Theater review: ‘The Burnt Part Boys’

The Burnt Part Boys Actors' Theatre Grand Rapids

It’s easy to enjoy the teenagers who take center stage in the latest production by Actors’ Theatre, “The Burnt Part Boys.” The family dynamics between older and younger teens, separated by just four years, is explored. The 14-year-olds are still in a bit of a make-believe world, while the older boys are taking on the realities of manhood. The conflict that ensues puts each on an adventure up a West Virginia mountainside, one group hot on the trail of the other. It’s within that concurrent journey their stories emerge.

Pete (Jack Reeves) is the younger brother of Jake (David Houseman). Since losing their father in a coal-mining accident 10 years prior, their mother retreated to the bedroom and Jake grew into the role and accompanying responsibilities as head of household. Pete, only four when his father died, seems to have searched for father figures in the heroic film stars of the day. This being set in the ‘50s and early ‘60s, that means actors like John Wayne playing Davy Crockett in “The Alamo.” In fact, it is these characters — Crockett, Jim Bowie and Sam Houston — who inspire him to stick to his guns and persevere up the mountain. The appearance of Davy Crockett, played by TJ Clark, with background harmonies hilariously supported by Ian Brown, Kait Polzin, Evan Bronkema and Devon Jordan, is one of the scenes that helps give levity to the seriousness of the situation.

Pete’s best friend Dusty reluctantly joins him in the quest, and along the way, they add a misfit schoolmate they find hiding out in the mountains, a scrappy girl named Frances (Madeline Jones).

Rounding out the teenage characters is older brother Jake’s friend Chet (Andrew Van Otteren). Both Jake and Chet have carried on the family tradition of working in the mines, and we get a rousing banjo-picking drinking song in “Eight Hours” when we first meet these two at the end of their shift for the day.

The Burnt Part Boys Actors' Theatre Grand Rapids 2Throughout the journey, each of these teenage characters gets a chance to tell their story through song, and the talented cast handles them with great conviction.

Every single one of the kids in the group lost a father in that same explosion, an area now known as the “burnt part” of the mountain, save for Dusty. It’s interesting that his song seems the most poignant in the show, in the way that he knows he will never have the connection with his best friend that others in the group sadly share. He’s left alone battling his own insecurities and survivor’s guilt in the song “Dusty Plays the Saw.”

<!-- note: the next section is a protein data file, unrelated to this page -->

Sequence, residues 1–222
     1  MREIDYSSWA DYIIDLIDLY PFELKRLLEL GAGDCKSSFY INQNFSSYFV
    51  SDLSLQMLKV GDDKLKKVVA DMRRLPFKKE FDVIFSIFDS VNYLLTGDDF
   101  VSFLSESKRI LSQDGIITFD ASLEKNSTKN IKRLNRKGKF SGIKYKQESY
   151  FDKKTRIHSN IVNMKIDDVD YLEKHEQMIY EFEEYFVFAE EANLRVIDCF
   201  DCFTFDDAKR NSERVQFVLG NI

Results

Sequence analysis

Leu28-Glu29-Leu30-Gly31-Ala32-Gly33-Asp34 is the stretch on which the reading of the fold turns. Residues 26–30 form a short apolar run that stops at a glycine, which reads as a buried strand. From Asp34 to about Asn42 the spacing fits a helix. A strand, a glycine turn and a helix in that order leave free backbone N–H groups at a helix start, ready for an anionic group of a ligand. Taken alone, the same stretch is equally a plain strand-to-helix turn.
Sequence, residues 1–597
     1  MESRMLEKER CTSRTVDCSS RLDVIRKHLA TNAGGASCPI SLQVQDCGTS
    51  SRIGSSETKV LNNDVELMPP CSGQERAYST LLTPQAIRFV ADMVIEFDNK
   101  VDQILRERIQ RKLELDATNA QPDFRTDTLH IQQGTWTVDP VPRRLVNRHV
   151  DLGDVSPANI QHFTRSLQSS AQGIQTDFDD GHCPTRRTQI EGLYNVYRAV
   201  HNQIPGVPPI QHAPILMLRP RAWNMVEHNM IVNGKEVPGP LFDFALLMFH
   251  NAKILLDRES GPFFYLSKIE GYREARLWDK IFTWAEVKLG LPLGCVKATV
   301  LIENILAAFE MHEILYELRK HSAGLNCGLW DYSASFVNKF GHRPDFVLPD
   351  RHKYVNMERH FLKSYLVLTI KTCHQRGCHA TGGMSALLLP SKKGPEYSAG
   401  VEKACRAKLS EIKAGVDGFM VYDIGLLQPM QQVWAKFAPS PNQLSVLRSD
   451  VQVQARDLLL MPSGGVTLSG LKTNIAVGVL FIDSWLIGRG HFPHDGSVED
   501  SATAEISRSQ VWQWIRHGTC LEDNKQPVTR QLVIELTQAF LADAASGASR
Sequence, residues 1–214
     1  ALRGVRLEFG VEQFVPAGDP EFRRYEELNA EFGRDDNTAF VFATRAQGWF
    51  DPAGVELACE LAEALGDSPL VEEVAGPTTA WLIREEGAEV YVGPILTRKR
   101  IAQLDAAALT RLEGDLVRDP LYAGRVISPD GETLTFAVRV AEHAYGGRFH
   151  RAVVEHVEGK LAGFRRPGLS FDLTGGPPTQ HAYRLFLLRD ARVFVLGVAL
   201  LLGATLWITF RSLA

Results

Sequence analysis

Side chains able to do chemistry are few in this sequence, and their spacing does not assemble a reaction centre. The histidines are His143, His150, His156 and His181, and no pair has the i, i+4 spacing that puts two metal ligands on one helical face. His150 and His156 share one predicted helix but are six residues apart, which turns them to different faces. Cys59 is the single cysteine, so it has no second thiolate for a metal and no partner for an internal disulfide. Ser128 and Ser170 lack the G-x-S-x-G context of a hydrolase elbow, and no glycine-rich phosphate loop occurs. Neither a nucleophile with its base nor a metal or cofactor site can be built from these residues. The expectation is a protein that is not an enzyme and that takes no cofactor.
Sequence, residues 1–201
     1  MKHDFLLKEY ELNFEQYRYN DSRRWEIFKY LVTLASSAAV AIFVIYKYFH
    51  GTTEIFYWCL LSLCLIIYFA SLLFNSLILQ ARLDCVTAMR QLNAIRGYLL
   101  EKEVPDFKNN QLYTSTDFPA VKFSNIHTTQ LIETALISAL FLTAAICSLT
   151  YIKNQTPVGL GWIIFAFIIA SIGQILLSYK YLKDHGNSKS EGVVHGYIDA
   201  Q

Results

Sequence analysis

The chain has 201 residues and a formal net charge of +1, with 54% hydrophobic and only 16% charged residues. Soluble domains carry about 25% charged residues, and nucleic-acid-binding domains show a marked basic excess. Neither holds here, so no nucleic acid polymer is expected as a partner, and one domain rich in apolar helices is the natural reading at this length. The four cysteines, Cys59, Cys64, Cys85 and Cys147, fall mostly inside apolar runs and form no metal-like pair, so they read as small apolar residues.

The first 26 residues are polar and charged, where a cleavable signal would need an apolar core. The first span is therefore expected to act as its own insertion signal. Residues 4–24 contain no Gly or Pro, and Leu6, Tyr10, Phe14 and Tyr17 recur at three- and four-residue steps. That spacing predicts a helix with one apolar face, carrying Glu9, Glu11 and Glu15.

The song is beautiful, and there is much to appreciate in all the performances by this cast. I really feel, though, there was potential for a lot more deeply powerful, poignant moments. I don’t think the root cause lies with the local production. Something in the writing seems to keep the characters veering a little more toward a well-meaning outsider’s idea of what life in Appalachia is like, rather than tapping into an authentic experience. That sometimes kept me a layer away from jumping right in there with them.

It provoked me to find a little background on the creators. Nathan Tyson (lyricist) is from Kansas, Chris Miller (music) is from Maryland and Mariana Elder (book) hails from San Francisco. All three met through NYU’s musical theater program. I know we can all tap into the universal experience of loss and coming-of-age stories, no matter where we are from, but defaulting to tragic events in a hardscrabble coal-mining community is too often used as a shortcut. The work still needs to be there. Maybe a little more input by someone with firsthand knowledge of the world they depict could have really driven this story home.

Even if the writers may have left a little of the heart and soul out, I must say the local cast and crew put much back in with their determination and grit. Delayed twice from their original opening night due to the historic Polar Vortex of 2019, they rallied back to open strong for a full and appreciative audience on Saturday night. I found my toes tapping along with the rest of them.

“The Burnt Part Boys”

(Book by Mariana Elder, music by Chris Miller and lyrics by Nathan Tysen)
Actors’ Theatre
Feb. 7-9 at 8 p.m.
GRCC Spectrum Theatre
160 Fountain St. SE, Grand Rapids
Tickets are available online

Photos: Courtesy Actors’ Theatre

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